Thursday, March 26, 2009

Chess Nemesis

Chess Nemesis

"Nemesis? That's what my game is missing a chess nemesis!"
Casey Richardson WPI 1998]

A Saturday several years ago, and the usual cast of characters are sitting in the skittles room waiting for round one, when in walks my nemesis: Mikhail Derazhne. Bernardo Iglesias as usual directing this tournament is sitting in the corner at the laptop with phone by his side entering registrants. I always have to call to Bernado when Mikhail arrives. I shout "Bernado pair me with Mikhail!" Up goes a laugh as people have heard this many times. And so it begins.


For about 10 years nothing gave me more pleasure than playing Mikhail. Mikhail learned the fundamentals from his father (his dad once won a class prize at one Herb Healy btw.) Mikhail never concerned himself with the opening but would direct the game past the middlegame and into the endgame where he was not only proficient, he created many upsets by turning losing games into winning, to the consternation of many BCF opponents.

"Nemesis is now often used as a term to describe one's worst enemy, normally someone or something that is the exact opposite of oneself but is also somehow similar. For example, Professor Moriarty is frequently described as the nemesis of Sherlock Holmes."* [ http://en.wikipedia.org/wiki/Nemesis_(mythology) ]

Mikhail always felt that he could find a way to bamboozle his way to win the game. And typically if losing he played down to the bare king, a maneuver that worked for him when facing me in a time scramble where my promoting of a second pawn into queen put Mikhail in stalemate, thus justifying this exercise. Mikhail became the guy you wanted to play and beat, for many others as well.

Always I was armed with special preparation for the next game with Mikhail. Our styles are very contrary. I would try and take Mikhail down early, knowing that it took about 20 moves for him to warm up to a game. I would work really hard to try and get him into an open tactical brawl where the endgame would be far far away. Ideally he would have white, I black. Then 95% of the time we would get into the MacCutcheon variation of the French Defense that had become our battleground of preference; got very nuanced over the years. Both of us would bring various ideas to this battlefield.


But on 09/23/1999 at the Harvard Open Mikhail played the advanced variation and I got to spring my highly non-theoretical Au Bon Pain Variation of the French Defense. Named because I first saw it while watching a blitz game one spring afternoon at the Au Bon Pain in Cambridge. The opening is pure simplicity for black in dealing with the problem white square bishop. Mikhail got the early advantage in a maneuvering game which is to his liking. Although I was a pawn down I turned the game around due to the fact his king was becoming more exposed and my queen got active. Around hour five Mikhail got this idea to take his fleeing king and use it to lead an attack at my king to try and mate?! I sacrificed a pawn to nudge his king to my queenside where I would have a knight with my queen against his lone king, and possibly help from a 2nd knight. That has to mate?! I'm almost out of time (analog clock). We are approaching the sixth hour, it's midnight, he has a few additional minutes. All that is left is adrenalin which is pounding in both of us. He offers a draw, I refuse. I have to have a mate here?! But my flag falls in the attempt.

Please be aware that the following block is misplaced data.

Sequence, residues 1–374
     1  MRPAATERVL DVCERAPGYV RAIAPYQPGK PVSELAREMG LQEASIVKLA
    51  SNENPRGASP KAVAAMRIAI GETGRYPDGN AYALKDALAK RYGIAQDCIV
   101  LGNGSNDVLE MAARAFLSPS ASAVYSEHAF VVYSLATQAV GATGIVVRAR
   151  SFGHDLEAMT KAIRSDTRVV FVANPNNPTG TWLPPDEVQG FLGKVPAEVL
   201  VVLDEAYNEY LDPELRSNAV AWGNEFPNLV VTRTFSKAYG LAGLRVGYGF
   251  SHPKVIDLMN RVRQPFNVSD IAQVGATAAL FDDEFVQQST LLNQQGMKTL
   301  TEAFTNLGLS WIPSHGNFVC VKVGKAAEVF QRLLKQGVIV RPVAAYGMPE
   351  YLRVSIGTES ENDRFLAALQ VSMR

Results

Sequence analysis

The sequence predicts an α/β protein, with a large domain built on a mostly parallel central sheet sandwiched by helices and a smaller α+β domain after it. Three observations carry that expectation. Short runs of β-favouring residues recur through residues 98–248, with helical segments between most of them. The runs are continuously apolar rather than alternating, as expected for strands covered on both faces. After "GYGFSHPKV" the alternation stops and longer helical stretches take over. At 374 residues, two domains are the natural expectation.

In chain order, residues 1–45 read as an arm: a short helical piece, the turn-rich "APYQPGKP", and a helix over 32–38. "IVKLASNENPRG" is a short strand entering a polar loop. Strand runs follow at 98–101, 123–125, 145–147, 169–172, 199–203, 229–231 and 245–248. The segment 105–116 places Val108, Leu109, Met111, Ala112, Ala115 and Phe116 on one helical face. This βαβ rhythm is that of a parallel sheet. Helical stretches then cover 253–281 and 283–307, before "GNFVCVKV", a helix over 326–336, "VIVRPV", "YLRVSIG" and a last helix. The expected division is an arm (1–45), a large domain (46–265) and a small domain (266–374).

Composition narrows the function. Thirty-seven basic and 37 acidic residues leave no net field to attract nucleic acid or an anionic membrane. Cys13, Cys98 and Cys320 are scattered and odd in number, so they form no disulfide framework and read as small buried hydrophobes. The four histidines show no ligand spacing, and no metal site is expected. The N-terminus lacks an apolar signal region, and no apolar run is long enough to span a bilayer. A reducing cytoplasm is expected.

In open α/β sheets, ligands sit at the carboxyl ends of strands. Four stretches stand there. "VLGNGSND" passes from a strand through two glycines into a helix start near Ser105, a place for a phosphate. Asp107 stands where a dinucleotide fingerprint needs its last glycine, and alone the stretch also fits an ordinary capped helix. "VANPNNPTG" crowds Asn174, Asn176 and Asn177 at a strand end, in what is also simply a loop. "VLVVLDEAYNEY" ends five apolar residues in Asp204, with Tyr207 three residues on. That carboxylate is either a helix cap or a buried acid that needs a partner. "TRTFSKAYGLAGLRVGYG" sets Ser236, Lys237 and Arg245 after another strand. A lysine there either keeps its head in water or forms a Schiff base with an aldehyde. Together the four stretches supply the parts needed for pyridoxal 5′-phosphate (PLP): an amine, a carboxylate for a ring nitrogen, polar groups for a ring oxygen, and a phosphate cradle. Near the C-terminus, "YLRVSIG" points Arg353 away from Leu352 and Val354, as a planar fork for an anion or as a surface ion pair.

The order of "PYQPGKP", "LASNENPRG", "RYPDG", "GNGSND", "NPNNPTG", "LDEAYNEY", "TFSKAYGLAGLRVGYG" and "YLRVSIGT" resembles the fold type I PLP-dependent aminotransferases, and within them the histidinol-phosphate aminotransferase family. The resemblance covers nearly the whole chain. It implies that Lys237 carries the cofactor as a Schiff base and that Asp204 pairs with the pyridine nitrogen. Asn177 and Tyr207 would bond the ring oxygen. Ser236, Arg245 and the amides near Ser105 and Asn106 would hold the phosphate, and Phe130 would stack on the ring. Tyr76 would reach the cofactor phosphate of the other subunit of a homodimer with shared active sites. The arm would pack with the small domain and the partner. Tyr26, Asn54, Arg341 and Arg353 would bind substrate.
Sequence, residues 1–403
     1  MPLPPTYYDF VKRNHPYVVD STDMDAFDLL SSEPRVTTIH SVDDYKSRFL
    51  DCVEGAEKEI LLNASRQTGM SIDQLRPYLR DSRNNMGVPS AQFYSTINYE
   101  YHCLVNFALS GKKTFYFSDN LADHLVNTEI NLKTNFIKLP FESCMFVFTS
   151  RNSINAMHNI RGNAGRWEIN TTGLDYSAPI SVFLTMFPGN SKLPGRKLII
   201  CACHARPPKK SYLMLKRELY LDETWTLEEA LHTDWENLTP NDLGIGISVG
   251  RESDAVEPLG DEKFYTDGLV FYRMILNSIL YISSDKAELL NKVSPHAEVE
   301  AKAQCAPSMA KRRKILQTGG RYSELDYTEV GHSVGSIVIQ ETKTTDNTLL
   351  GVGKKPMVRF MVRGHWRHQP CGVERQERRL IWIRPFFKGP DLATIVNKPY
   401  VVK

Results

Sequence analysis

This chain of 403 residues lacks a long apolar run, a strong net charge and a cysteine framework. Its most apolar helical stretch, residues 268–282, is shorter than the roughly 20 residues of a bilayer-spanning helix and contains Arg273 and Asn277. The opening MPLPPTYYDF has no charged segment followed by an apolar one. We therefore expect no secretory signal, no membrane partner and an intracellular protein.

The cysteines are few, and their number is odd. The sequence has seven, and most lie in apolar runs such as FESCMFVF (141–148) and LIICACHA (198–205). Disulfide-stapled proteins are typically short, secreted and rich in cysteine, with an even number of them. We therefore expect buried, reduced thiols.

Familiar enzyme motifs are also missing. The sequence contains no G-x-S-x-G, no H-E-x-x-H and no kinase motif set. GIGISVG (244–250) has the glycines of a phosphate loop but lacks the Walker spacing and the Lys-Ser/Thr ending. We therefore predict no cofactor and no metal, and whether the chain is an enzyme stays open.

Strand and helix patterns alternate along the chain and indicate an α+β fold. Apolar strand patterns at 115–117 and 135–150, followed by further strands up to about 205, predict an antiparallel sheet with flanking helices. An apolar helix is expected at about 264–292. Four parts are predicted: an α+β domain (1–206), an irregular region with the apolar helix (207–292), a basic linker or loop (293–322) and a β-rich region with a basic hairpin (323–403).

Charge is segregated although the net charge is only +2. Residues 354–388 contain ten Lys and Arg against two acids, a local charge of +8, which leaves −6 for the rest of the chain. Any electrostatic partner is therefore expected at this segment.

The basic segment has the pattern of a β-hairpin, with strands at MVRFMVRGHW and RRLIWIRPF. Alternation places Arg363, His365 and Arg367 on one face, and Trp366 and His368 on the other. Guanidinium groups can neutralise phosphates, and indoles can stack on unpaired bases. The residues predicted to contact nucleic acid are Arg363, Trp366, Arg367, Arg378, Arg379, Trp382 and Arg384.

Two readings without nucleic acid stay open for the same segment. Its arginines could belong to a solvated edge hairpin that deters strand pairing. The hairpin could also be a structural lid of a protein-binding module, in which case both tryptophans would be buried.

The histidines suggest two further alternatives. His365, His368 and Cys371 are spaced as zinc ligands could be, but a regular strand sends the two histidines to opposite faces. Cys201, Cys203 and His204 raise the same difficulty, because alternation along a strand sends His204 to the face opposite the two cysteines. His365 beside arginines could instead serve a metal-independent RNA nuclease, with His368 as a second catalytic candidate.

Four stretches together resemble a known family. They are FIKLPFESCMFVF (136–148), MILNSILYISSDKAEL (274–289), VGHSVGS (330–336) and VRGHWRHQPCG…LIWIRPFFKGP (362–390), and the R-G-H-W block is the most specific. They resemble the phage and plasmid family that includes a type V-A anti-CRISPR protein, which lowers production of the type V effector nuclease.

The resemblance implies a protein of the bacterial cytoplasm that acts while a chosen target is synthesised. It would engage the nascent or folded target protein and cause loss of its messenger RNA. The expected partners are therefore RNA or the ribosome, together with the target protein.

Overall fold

Mikhail Derazhne 1768 - Mike Griffin 1546 [C02]
Harvard Open, 23.09.1999

1.e4 e6 2.d4 d5 3.e5 Bd7 4.Nf3 a6 5.Bd3 Bb5 6.Nc3 Bxd3 7.Qxd3 c5 8.Be3 c4 9.Qe2 b5 10.0-0 Nc6 11.h3 Nge7 12.Nh4 Nc8 13.Qg4 Nb6 14.f4 g6 15.Nf3 b4 16.Ne2 h6 17.Nh2 a5 18.Qf3 h5 19.Qf2 a4 20.Nf3 Be7 21.Ng5 Na5 22.Bd2 Nc6 23.b3 axb3 24.axb3 Ra3 25.Rxa3 bxa3 26.Ra1 Qa8 27.Nc3 Nb4 28.Nb5 0-0 29.Nxa3 Qc6 30.Qe1 Na6 31.Nb1 Ra8 32.b4 Nc7 33.Rxa8+ Qxa8 34.c3 Qa2 35.Kf2 Nb5 36.Kf3 Na4 37.g4 hxg4+ 38.hxg4 Qc2 39.Kg3 Qd3+ 40.Nf3 Bh4+ 41.Kxh4 Qxf3 42.Kg5 Qd3 43.Qh1 Nc7 44.Kf6 Ne8+ 45.Ke7 Ng7 46.Qc1 g5 47.fxg5 Qg6 48.Qf1 f5 49.exf6 Qe8+ 50.Kd6 Qb8+ 51.Kc6 Qb6+ 52.Kd7 (score unintelligible black loses on time) 1 - 0

Picture (Metafile)

Subsequent Fritz analysis showed there were forcing mates:

A1. Qa7+ 53.Kc6 Ne8 54.f7+ Kf8 55.fxe8Q+ Kxe8 56.Be3 Qd7#
A2. 56.Kd6 Qb8+ 57.Kc6 Qb6#
A3. 56.Kb5 Qb6+ 57.Kxa4 Qa6#

This loss is one of my most memorable and still pains me. Should I have been practical and take the draw against my nemesis: doubtful.

Sad to say Mikhail is no longer active in the USCF, has met a Russian girlfriend, and I recently found out he currently is looking for work in the IT QA software testing field in the Boston area. Das vedanya comrade/Goodbye my friend. Until we meet again. I have something for you.

So now I have to find a new nemesis, so far Mark Kaprielian comes the closest, and our battlefield is the Classical Dutch.

Do you have a chess nemesis and have any funny or interesting stories?

Please Comment.

Thank You

Mike Griffin 03/26/2009

1 comment:

Mark McIntire said...

This shows the true aestheic grit of chess, Mike.

Happy is the soul that can relish the incongruity of checkmate.

--Mark McIntire